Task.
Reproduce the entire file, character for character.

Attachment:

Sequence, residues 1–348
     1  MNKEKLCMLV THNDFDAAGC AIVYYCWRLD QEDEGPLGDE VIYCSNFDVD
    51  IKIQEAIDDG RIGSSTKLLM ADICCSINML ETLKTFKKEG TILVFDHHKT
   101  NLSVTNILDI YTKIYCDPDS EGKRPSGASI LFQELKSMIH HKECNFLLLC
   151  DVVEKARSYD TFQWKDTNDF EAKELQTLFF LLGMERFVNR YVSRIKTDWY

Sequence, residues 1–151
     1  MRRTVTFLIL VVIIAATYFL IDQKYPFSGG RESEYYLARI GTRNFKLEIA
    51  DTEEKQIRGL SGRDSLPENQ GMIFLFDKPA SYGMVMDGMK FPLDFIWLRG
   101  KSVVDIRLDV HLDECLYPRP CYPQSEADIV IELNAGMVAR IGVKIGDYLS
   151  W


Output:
Sequence, residues 1–348
     1  MNKEKLCMLV THNDFDAAGC AIVYYCWRLD QEDEGPLGDE VIYCSNFDVD
    51  IKIQEAIDDG RIGSSTKLLM ADICCSINML ETLKTFKKEG TILVFDHHKT
   101  NLSVTNILDI YTKIYCDPDS EGKRPSGASI LFQELKSMIH HKECNFLLLC
   151  DVVEKARSYD TFQWKDTNDF EAKELQTLFF LLGMERFVNR YVSRIKTDWY

Sequence, residues 1–151
     1  MRRTVTFLIL VVIIAATYFL IDQKYPFSGG RESEYYLARI GTRNFKLEIA
    51  DTEEKQIRGL SGRDSLPENQ GMIFLFDKPA SYGMVMDGMK FPLDFIWLRG
   101  KSVVDIRLDV HLDECLYPRP CYPQSEADIV IELNAGMVAR IGVKIGDYLS
   151  W